A couple weeks ago, we had Cait Dumas of Champion System on the podcast to talk about what companies are looking for in athletes these days. While we were chatting, an idea bubbled up that I keep coming back to: Why aren’t more privateers who are hoping to get sponsors making their own custom kits? In my book, The Athlete’s Guide to Sponsorship, I talk a lot about showing up to races looking put together. This could mean basic kit with minimal color or pattern, a working bike, appropriate post-race clothing to put on, tools/snacks/water/et cetera. But as we chatted, I got really excited about the idea that a racer who’s trying to make a name for themself could design their own kit to stand out in the crowd.
Most people assume that custom kit is only for a team, or that you have to order a ton of it if you do get it made. But that’s not the case these days. For instance, with Champion System, you can keep an eye out because often, they run specials with super low kit minimums for orders, and even at their normal minimum, you can walk away with awesome custom kit including everything from baselayer to armwarmers to shorts, jerseys and jackets for a few hundred bucks. In many cases, it’s actually less pricey to get a fully custom kit—especially if you opt for the less expensive options—than it is to buy each piece individually from another clothing brand.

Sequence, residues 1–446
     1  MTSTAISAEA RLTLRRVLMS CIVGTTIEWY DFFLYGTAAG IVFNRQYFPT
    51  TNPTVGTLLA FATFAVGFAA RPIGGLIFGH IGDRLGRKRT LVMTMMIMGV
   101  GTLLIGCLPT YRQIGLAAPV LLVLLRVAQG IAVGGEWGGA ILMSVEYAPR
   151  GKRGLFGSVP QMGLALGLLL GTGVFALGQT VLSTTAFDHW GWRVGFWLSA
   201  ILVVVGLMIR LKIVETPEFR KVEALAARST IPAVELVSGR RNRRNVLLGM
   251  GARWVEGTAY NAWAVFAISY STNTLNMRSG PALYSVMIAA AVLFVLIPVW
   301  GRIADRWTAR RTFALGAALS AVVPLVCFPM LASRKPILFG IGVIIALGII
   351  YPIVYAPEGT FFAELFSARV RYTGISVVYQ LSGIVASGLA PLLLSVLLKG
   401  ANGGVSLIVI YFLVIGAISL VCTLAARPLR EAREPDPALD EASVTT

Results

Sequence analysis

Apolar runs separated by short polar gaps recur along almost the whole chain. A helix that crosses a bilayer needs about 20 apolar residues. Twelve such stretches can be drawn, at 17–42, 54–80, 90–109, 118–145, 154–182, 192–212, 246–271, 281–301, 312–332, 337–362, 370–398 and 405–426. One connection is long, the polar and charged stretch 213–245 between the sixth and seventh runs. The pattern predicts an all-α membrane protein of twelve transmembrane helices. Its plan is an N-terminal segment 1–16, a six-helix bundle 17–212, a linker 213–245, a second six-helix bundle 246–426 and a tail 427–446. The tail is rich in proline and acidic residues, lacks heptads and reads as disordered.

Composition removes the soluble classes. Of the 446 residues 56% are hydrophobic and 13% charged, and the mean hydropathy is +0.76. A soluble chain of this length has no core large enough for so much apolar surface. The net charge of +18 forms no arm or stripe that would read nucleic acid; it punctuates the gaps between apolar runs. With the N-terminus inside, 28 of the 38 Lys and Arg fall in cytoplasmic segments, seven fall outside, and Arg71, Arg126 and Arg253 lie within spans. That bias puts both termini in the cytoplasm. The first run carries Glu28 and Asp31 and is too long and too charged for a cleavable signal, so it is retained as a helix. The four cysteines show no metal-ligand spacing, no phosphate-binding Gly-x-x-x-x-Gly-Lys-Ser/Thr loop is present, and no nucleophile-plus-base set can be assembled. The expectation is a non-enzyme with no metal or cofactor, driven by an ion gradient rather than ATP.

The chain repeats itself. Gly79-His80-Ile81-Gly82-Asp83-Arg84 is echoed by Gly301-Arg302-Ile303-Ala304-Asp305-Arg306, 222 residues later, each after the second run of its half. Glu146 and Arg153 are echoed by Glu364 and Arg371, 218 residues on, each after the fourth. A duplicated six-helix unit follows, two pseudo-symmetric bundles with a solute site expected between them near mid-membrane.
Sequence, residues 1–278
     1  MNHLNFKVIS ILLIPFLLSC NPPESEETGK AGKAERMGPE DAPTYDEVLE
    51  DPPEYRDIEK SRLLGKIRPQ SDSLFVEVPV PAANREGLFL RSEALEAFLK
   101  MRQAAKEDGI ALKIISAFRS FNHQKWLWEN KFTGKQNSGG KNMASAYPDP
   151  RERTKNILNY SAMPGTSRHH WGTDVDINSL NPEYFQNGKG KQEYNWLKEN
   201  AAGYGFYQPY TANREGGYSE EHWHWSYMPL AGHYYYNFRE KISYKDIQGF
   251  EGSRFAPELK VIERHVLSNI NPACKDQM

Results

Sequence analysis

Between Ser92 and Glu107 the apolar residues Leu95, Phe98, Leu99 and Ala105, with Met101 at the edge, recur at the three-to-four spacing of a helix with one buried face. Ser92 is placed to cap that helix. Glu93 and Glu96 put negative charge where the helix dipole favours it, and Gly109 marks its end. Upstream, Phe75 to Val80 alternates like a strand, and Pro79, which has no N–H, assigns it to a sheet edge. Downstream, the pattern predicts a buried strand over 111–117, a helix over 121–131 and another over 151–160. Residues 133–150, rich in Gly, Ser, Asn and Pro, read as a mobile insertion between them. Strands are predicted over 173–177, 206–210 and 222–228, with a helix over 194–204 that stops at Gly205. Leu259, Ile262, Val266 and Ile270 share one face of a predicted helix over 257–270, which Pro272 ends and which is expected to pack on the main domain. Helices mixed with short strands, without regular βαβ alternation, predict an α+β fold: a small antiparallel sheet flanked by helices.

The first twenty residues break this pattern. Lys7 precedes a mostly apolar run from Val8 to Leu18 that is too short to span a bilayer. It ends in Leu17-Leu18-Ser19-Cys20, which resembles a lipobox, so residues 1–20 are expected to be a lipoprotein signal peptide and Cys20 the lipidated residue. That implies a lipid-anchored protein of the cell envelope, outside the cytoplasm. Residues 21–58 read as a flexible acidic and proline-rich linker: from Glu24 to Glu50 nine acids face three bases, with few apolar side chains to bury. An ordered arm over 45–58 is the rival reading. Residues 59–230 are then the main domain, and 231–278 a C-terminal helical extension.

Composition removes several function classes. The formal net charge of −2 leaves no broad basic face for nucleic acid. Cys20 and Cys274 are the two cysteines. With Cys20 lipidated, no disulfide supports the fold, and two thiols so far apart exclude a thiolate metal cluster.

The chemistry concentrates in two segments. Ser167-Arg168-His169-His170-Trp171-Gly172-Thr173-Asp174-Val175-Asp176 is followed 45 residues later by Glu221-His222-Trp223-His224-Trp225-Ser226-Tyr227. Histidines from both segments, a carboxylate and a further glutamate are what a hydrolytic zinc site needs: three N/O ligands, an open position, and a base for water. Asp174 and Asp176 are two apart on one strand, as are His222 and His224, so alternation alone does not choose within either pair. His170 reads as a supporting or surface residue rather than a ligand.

I’ve written about my experience using Champion System for Shred Girls kit and included a few tips for if you’re doing a custom kit design here, but here are the tips I would add for privateers who are currently in the market for sponsors:
- Use the kit to show off your personality. Use colors and patterns that don’t just stand out in the crowd, but that you actually really love. Side note: It’s also OK to lean into the fact that you like simple colors and patterns. Note that the Shred Girls kit this year is basic black, and last year it was dark purple. You don’t need to be neon to stand out! Think about your personal style and run with that.
- You don’t need to have logos from sponsors. In fact, unless you need to, I would skip adding any if you’re in the market.
- You can, however, create your own team logo—if you want. But it’s not required! (Canva.com is a great free resource for this, and you can save your logo as a PNG with a transparent background to import it neatly into a kit design.)
- Add fun details. In the Shred Girls kit, for example, the arm has a band of text around it that reads, ‘ride bikes, get rad.’
- Get some cold weather clothing too. Two reasons: 1, the jackets are great and less pricey than you’d pay for winter coats from other brands, and 2, if you’re warming up for a cyclocross race, you can still show off your style!
- Get some off-bike kit for around the race venue. With Champion System, check the running clothes section or look towards the MTB collection for more casual clothing you could wear around a race venue. At the very least, order a second jersey for podiums!